I spent the weekend in Atlantic City at the Roger King Invitational golf tournament. King is the premier syndicater in commercial television, handling shows like Jeopardy, Wheel of Fortune and Oprah. He’s a big supporter of the Miami Project for the Cure for Paralysis and the Buonoconti Fund and the proceeds from his tournament go directly to the fund.
The Washington Post Company, the parent company of my station, Channel 4, is also a patron of the Miami Project and a sponsor of the golf tournament. So, our General Manager invited me to go along for the banquet and the dinner. The banquet had a very extensive silent auction with some fun sports memorabilia, some jewelry and some exotic spirits. The Trump organization, through the Taj Mahal on the boardwalk was also a big supporter, and also donated a check for $250,000 at the banquet.
The golf was nice on a links course that really felt like Ireland with the winning team finishing at 20 under (not us!). Anyway they raised a lot of money, over a half-million dollars and had a bunch of celebrities involved from Bob Griese (who played with us and was more personable that he’s been when I’ve been around him in the past) to Bob Beamon and Gerry Cooney (whose team won!). Cooney was a hoot by the way, as funny as anybody and really just enjoyable to be around. I don’t know if it’s an act but if so it’s a pretty good one.
I saw my friend Scott Clark, a sportscaster in New York and spent some time with Garo Yepremian and his family (very nice people). Leonard “Truck” Robinson was there and I spent a few minutes with him talking about playing at Raines High School. He told me he was a much bigger baseball player than basketball but he made a good living at basketball as a pro. He’s living in Phoenix now.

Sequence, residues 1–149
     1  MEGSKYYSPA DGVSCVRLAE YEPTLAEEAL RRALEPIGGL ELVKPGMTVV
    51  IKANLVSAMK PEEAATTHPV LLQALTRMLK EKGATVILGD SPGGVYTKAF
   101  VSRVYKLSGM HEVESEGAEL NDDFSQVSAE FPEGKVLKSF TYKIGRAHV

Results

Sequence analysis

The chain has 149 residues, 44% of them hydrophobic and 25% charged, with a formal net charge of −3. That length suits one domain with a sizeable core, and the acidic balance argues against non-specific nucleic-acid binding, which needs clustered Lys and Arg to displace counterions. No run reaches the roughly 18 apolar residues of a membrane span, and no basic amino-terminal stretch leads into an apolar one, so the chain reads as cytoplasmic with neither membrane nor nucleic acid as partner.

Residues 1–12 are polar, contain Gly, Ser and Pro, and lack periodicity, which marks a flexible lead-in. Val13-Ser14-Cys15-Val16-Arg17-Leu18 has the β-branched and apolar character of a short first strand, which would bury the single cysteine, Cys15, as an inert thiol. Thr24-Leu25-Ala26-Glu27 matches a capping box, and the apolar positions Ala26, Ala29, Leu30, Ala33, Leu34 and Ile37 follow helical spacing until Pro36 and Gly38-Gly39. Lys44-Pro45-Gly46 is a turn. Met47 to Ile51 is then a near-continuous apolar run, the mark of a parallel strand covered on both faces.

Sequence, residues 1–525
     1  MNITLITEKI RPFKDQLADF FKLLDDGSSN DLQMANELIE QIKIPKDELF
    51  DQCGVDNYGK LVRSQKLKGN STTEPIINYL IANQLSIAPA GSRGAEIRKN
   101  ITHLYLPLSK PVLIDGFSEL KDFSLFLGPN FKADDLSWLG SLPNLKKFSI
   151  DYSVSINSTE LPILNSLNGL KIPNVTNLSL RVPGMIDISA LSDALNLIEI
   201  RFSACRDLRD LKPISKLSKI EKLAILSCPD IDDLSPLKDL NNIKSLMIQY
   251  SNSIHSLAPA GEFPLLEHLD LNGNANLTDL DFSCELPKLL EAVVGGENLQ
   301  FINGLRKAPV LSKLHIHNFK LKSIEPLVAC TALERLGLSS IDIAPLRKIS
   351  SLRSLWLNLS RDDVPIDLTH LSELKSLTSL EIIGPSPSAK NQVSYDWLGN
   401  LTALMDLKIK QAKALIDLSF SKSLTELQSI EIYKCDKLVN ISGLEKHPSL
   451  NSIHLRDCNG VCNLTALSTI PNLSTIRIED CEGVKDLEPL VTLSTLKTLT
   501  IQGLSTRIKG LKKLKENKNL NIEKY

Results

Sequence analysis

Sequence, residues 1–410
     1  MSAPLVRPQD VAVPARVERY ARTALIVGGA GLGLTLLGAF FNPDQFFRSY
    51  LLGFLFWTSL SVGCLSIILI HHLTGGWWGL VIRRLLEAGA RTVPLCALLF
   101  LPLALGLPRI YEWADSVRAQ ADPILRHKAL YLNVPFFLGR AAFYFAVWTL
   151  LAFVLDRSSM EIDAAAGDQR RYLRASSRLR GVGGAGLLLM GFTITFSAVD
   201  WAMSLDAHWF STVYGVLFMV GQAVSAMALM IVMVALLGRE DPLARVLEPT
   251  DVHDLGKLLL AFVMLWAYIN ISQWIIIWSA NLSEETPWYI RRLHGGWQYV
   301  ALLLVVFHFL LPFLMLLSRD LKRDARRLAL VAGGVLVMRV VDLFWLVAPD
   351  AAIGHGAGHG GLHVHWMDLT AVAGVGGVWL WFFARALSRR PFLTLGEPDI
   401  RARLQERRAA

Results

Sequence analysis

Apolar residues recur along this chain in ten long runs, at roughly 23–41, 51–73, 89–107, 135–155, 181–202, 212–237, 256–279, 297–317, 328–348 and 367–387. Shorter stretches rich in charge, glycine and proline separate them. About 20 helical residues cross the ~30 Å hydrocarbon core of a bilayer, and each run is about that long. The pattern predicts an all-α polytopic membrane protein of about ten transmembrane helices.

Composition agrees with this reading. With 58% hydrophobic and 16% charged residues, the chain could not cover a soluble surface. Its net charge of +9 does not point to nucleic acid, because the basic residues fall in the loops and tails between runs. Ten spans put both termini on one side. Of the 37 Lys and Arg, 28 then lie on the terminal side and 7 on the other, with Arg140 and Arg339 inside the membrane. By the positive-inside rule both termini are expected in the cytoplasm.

But the most impressive part of the weekend was to hear, watch and experience the commitment Nick Buonoconti has to his son and to the Miami Project. Mark Buonoconti was a linebacker at the Citadel when he dislocated his neck 21 years ago and lost the use of all of his limbs. His father, Nick, the Hall of Fame linebacker, made a commitment that night to raise money to look for a cure for paralysis.
And I mean a commitment.
Buonoconti was, and is convinced that all it will take is money to find a cure for paralysis. Not research, not desire, but money will fuel all of those things and find a cure.
And he might be right.
After raising millions of dollars, the Miami Project is past the research phase and onto clinical trials of different “cures” for paralysis. They’ve been able to restore movement in paralyzed lab rats in nearly 75% of the tests. And they think they can implement those treatments directly to humans. That very exciting for the people involved and their families and if it happens it’s because of one dad’s love for his son.
I mean the bond and commitment between Nick and Mark Buonoconti is the most impressive thing I saw all weekend. I hope it happens for a lot of reasons, but also to validate the commitment they’ve made to find a cure. It’ll show that love and hope can get things done. I know that’s hokey sounding but they’re the driving force behind this search for a cure
Right now they’re working on about 60 “cures” at the Miami Project and believe that they’re going to get it done soon. “I’m sick and tired of seeing my son in a wheelchair,” Nick said from the podium on Saturday night. “I want him to stand up and put his arms around me and give me a hug.”
“I’m sick of it too,” Mark said from his wheelchair when asked to speak on stage. That was followed by Mark thanking his parents for allowing him to become the person he has (while being stuck in a wheelchair!)
Pretty powerful stuff.
If you’d like to learn more about the Miami Project, their website is